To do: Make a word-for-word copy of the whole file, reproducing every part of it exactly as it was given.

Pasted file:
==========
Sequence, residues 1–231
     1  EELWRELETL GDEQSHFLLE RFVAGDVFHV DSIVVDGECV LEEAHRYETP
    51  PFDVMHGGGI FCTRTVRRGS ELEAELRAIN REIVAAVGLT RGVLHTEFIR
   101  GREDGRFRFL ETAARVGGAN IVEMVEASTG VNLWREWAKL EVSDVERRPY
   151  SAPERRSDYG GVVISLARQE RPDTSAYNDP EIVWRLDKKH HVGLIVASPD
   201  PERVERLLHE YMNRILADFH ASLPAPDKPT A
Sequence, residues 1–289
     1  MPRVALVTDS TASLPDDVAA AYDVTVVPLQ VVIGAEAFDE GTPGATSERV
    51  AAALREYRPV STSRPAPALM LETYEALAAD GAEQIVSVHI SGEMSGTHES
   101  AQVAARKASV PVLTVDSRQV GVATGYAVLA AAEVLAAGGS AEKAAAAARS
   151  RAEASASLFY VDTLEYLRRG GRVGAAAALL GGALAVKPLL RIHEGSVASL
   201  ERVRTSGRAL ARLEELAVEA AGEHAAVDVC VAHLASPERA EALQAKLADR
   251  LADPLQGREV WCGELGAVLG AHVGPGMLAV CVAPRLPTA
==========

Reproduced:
Sequence, residues 1–231
     1  EELWRELETL GDEQSHFLLE RFVAGDVFHV DSIVVDGECV LEEAHRYETP
    51  PFDVMHGGGI FCTRTVRRGS ELEAELRAIN REIVAAVGLT RGVLHTEFIR
   101  GREDGRFRFL ETAARVGGAN IVEMVEASTG VNLWREWAKL EVSDVERRPY
   151  SAPERRSDYG GVVISLARQE RPDTSAYNDP EIVWRLDKKH HVGLIVASPD
   201  PERVERLLHE YMNRILADFH ASLPAPDKPT A
Sequence, residues 1–289
     1  MPRVALVTDS TASLPDDVAA AYDVTVVPLQ VVIGAEAFDE GTPGATSERV
    51  AAALREYRPV STSRPAPALM LETYEALAAD GAEQIVSVHI SGEMSGTHES
   101  AQVAARKASV PVLTVDSRQV GVATGYAVLA AAEVLAAGGS AEKAAAAARS
   151  RAEASASLFY VDTLEYLRRG GRVGAAAALL GGALAVKPLL RIHEGSVASL
   201  ERVRTSGRAL ARLEELAVEA AGEHAAVDVC VAHLASPERA EALQAKLADR
   251  LADPLQGREV WCGELGAVLG AHVGPGMLAV CVAPRLPTA